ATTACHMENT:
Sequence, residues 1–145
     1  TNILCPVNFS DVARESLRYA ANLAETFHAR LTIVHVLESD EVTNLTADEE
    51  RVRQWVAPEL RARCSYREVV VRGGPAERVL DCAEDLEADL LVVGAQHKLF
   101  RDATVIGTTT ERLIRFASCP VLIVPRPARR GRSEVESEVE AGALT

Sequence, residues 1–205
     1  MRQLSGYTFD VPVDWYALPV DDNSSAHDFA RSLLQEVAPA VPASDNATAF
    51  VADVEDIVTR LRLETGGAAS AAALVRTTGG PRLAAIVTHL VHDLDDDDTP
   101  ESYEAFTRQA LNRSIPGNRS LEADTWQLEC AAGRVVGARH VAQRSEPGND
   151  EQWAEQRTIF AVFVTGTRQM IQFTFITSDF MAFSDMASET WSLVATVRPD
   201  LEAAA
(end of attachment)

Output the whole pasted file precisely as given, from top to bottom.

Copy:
Sequence, residues 1–145
     1  TNILCPVNFS DVARESLRYA ANLAETFHAR LTIVHVLESD EVTNLTADEE
    51  RVRQWVAPEL RARCSYREVV VRGGPAERVL DCAEDLEADL LVVGAQHKLF
   101  RDATVIGTTT ERLIRFASCP VLIVPRPARR GRSEVESEVE AGALT

Sequence, residues 1–205
     1  MRQLSGYTFD VPVDWYALPV DDNSSAHDFA RSLLQEVAPA VPASDNATAF
    51  VADVEDIVTR LRLETGGAAS AAALVRTTGG PRLAAIVTHL VHDLDDDDTP
   101  ESYEAFTRQA LNRSIPGNRS LEADTWQLEC AAGRVVGARH VAQRSEPGND
   151  EQWAEQRTIF AVFVTGTRQM IQFTFITSDF MAFSDMASET WSLVATVRPD
   201  LEAAA